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Teens Blog

This is one of the hardest lists to compile because there are so many amazing nonfiction titles published each year.  We managed to narrow it down to our favorite 73 books.  You'll find everything from animals to history, poetry to space.  Access the printable list by clicking here.

1,000 Facts About Insects by Nancy Honovich
Action Presidents: George Washington by Fred Van Lente
Alabama Spitfire: The Story of Harper Lee and To Kill a Mockingbird by Bethany Hegedus
Around the World in 50 Ways: Canoe, Camel, or Cable Car . . . You Choose! by Dan Smith
The Atlas Obscura Explorer's Guide for the World's Most Adventurous Kid by Dylan Thuras
Backyard Bears: Conservation, Habitat Changes, and the Rise of Urban WIldlife by Amy Cherrix
Between the Lines: How Ernie Barnes Went from the Football Field to the Art Gallery by Sandra Neil Wallace
Bold & Brave: Ten Heroes Who Won Women the Right to Vote by Kristen Gillibrand
Boots on the Ground: America's War in Vietnam by Elizabeth Partridge
The Brilliant Deep: Rebuilding the World's Coral Reefs by Kate Messner
Camp Panda: Helping Cubs Return to the Wild by Catherine Thimmesh
Can I Touch Your Hair?: Poems of Race, Mistakes, and Friendship by Irene Latham & Charles Waters
Champion: The Comeback Tale of the American Chestnut Tree by Sally M. Walker
The Complete Cookbook for Young Chefs by America's Test Kitchen Kids
Countdown: 2979 Days to the Moon by Suzanne Slade
Counting on Katherine: How Katherine Johnson Saved Apollo 13 by Helaine Becker
Crash: The Great Depression and the Fall and Rise of America by Marc Favreau
The Creativity Project: An Awesometastic Story Collection by Colby Sharp
Drawn from Nature by Helen Ahpornsiri

From past to present, from this world to worlds fantastic, our favorite fiction books were the ones that best captured what it means to be human.  Access the printable list by clicking here.

JUVENILE FICTION
24 Hours in Nowhere by Dusti Bowling
Baby Monkey, Private Eye by Brian Selznick
Be Prepared by Vera Brosgol
Betty Before X by Ilyasah Shabazz & Reneé Watson
Bob by Wendy Mass & Rebecca Stead
Breakout by Kate Messner
The Cardboard Kingdom by Chad Sell
City of Ghosts by Victoria Schwab
The Colors of the Rain by R.L. Toalson
Dear Sister by Alison McGhee
Drum Roll, Please by Lisa Jenn Bigelow
Endling: The Last by Katherine Applegate
Finding Langston by Lesa Cline-Ransome
Front Desk by Kelly Yang
Ghost Boys by Jewell Parker Rhodes
Granted by John David Anderson
Harbor Me by Jacqueline Woodson
Heartseeker by Melinda Beatty
The House That Lou Built by Mae Respicio
I'm Ok by Patti Kim
It Wasn't Me by Dana Alison Levy 
The Journey of Little Charlie by Christopher Paul Curtis
The Length of a String by Elissa Brent Weissman
The Lifters by Dave Eggers
Marcus Vega Doesn't Speak Spanish by Pablo Cartaya
Mascot by Antony John
Megabat by Anna Humphrey
Merci Suárez Changes Gears by Meg Medina

Watch the official book trailer for the new thriller by Karen M. McManus, the author of One of Us Is Lying.

Two Can Keep a Secret (January 8, 2019)
Echo Ridge is small-town America. Ellery’s never been there, but she’s heard all about it. Her aunt went missing there at age seventeen. And only five years ago, a homecoming queen put the town on the map when she was killed. Now Ellery has to move there to live with a grandmother she barely knows.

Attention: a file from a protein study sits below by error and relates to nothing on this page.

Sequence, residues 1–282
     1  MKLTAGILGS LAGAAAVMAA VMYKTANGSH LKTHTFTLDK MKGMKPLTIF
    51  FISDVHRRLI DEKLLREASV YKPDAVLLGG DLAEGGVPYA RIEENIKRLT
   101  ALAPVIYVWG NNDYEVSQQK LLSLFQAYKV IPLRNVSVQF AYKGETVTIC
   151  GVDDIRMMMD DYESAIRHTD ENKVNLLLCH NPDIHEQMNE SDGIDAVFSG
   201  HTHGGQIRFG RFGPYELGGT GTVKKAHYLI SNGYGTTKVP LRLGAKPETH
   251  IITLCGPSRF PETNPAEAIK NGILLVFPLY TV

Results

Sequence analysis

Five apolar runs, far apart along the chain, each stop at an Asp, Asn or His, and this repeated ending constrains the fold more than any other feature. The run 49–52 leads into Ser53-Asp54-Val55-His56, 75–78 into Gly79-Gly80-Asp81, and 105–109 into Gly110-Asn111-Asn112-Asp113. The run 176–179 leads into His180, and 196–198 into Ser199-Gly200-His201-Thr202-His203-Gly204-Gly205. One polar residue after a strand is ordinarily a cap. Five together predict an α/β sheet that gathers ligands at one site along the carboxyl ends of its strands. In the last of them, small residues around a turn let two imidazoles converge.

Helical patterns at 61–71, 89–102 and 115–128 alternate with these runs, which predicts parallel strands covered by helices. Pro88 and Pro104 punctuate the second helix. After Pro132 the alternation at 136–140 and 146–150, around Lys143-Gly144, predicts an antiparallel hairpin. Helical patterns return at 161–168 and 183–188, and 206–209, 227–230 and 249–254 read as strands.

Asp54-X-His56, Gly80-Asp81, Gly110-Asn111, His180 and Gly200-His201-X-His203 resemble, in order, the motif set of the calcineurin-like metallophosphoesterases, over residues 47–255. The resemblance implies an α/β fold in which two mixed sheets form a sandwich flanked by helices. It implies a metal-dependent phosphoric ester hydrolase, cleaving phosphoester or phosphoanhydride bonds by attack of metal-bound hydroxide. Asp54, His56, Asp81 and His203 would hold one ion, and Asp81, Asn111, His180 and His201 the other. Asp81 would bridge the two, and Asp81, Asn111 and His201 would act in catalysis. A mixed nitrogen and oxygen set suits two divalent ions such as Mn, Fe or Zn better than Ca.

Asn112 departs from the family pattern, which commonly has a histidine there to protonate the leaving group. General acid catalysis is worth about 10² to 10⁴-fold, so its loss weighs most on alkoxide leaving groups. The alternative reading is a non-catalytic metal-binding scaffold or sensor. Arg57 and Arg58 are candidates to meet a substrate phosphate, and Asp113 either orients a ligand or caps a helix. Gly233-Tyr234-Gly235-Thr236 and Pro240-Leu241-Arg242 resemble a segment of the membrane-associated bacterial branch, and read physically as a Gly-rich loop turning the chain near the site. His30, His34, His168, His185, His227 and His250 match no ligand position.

The town is picture-perfect, but it’s hiding secrets. And before school even begins for Ellery, someone has declared open season on homecoming, promising to make it as dangerous as it was five years ago. Then, almost as if to prove it, another girl goes missing.

Ellery knows all about secrets. Her mother has them; her grandmother does too. And the longer she’s in Echo Ridge, the clearer it becomes that everyone there is hiding something. The thing is, secrets are dangerous—and most people aren’t good at keeping them. Which is why in Echo Ridge, it’s safest to keep your secrets to yourself.

It's natural for children to worry at times, and some may worry more than others.  Some worries are more likely to occur at certain developmental stages or in certain situations.  Learn how to help your child (and when you may need to seek professional guidance) at Practical Parenting: Taming the Worry Monster on Monday, January 14, 2019 at 6:30 p.m.  Our guest speakers will be Sarah Cable and Kathryn Thompson.  Both are advanced graduate students in the UAB Medical/Clinical Psychology Doctoral Program.  You do not have to sign up for this event.  Simply follow the stars through the Kid Zone to our Youth Program Room.

2-4-6-8! Which books did we think were great? Find out at our Best Books of 2018: Championship Tailgate Party on Tuesday, January 15, 2018 at 4 p.m. Cheer for book talks of our team's favorite titles for kids and teens. Eat terrific tailgating food and win door prizes! (Yes, the prizes are brand new copies of our favorite books!) This event is geared for parents, teachers and fellow librarians, but everyone is welcome. You do not have to register for our tailgate party. Simply follow the stars (and cheers and delicious food smells).

HEADS UP!
We will begin posting our Staff Picks 2018 blog series that same week! There will be three posts in the series -- picture books, juvenile & teen fiction, and juvenile & teen nonfiction.

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Teen Services

Teen Volunteer Guidelines

Volunteer applications are taken year round, but opportunities are available on a limited basis. During the school year times are available for special programs only. Applications will be held on file until opportunities arise. Volunteers are needed more during the summer to help with the library’s Summer Reading Program.